Employment Law Basics – “At Will” Exceptions

Most employers and employees in Washington State are familiar with the phrase that we are an “at will” state.  This means, many believe, that an employer may terminate an employee for any reason, or no reason at all.  However, there are exceptions to the “at will’ doctrine that both employers and employees must be aware of.  They are, very broadly and generally speaking:

1.  Termination or adverse job consequences (such as a reduction in hours, disfavored shifts, or unwanted transfers) arising from discriminatory motives.  What types of discrimination are unlawful? Those that target the employee based upon the employee’s race, ethnicity, religion, sex, pregnancy or family status, age, or disability (or perception as a disabled person).

2.  Termination or adverse job consequences due to the employee’s “whistle-blowing” activity; that is, where the employer knows or believes that the employee has reported unlawful conduct of the company / employer to a government agency charged with oversight.  Not all reports will protect the employee from retaliation for whistle-blowing.  This is an emerging and continually developing area of the law in our state, and additional legislative and litigation activity in this area is anticipated during the next several years.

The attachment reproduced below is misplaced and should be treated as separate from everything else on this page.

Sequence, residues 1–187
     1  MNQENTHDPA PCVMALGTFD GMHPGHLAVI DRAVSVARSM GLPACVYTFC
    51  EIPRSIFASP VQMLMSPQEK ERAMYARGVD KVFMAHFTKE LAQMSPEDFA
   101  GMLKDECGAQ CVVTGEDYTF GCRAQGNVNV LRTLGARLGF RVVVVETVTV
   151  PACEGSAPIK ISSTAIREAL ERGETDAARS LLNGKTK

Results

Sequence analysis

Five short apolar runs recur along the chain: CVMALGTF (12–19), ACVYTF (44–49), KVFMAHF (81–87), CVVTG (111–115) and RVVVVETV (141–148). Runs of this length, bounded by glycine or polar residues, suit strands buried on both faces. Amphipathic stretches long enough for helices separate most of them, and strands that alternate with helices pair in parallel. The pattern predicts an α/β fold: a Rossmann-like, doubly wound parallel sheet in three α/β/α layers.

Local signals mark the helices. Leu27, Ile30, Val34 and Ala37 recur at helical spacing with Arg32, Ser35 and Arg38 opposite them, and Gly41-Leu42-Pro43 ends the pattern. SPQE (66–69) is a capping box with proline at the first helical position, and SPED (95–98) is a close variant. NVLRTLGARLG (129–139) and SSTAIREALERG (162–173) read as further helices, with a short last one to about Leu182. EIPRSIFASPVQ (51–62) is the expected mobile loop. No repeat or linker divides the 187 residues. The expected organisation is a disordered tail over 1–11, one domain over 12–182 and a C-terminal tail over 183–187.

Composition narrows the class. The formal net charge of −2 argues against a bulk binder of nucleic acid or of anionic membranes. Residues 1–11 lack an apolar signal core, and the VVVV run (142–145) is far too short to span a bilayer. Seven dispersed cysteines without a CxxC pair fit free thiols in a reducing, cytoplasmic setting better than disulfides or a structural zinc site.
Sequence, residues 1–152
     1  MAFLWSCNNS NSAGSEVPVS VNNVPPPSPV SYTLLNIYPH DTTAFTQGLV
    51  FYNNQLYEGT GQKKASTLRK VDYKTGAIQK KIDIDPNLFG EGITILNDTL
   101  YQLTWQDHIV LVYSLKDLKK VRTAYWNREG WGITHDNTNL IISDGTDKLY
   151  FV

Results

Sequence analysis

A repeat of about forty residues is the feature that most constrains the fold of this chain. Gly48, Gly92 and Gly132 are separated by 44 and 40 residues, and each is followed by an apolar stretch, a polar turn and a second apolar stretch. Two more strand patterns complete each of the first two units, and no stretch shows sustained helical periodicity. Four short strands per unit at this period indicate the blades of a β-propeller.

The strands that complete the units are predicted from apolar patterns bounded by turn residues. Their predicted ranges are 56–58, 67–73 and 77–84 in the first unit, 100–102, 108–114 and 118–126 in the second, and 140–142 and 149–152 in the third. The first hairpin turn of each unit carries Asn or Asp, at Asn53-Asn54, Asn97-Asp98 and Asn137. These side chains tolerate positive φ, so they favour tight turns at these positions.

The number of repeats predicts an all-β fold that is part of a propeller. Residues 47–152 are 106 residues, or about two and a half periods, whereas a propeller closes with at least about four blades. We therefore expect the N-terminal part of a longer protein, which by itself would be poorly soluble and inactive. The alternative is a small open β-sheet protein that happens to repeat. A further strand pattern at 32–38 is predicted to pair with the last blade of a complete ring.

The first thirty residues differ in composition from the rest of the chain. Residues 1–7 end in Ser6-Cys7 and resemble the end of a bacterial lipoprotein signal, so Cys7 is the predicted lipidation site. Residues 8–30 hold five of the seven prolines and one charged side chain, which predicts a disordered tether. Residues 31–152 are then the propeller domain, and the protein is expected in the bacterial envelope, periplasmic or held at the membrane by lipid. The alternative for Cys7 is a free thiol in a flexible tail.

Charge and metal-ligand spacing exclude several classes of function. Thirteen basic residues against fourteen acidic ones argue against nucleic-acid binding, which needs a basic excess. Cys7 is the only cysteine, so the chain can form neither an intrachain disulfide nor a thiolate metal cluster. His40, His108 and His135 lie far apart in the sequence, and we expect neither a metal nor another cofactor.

3.  Termination or adverse job consequences in violation of the company’s own policy manual, contracts, procedures and promises to employees.  This is very fact-specific, and the company may successfully disclaim that the employee policy manual can be relied upon to create any expectation by the employee that particular procedures will be followed.  HOWEVER, employers may then have to explain why it did not follow its policy manual or established procedures with this particular employee (possibly leading back to apparently disciminatory motives).

Saphronia Young, Attorney – PLLC gives legal advice and litigates employment law claims for both employees and employers, depending upon the merits of each individual situation.  Employers seeking to create a solid employee policy manual, seeking to provide training to its work force and management, or seeking to investigate potential claims of discrimination will find knowledgeable and experienced legal assistance.  Employees seeking review of possible employment claims will find honest assessment of the potential merits of each claim, and the relative options available, including litigation.

This summary is not intended to be legal advice. You should consult an attorney in regard to your particular situation.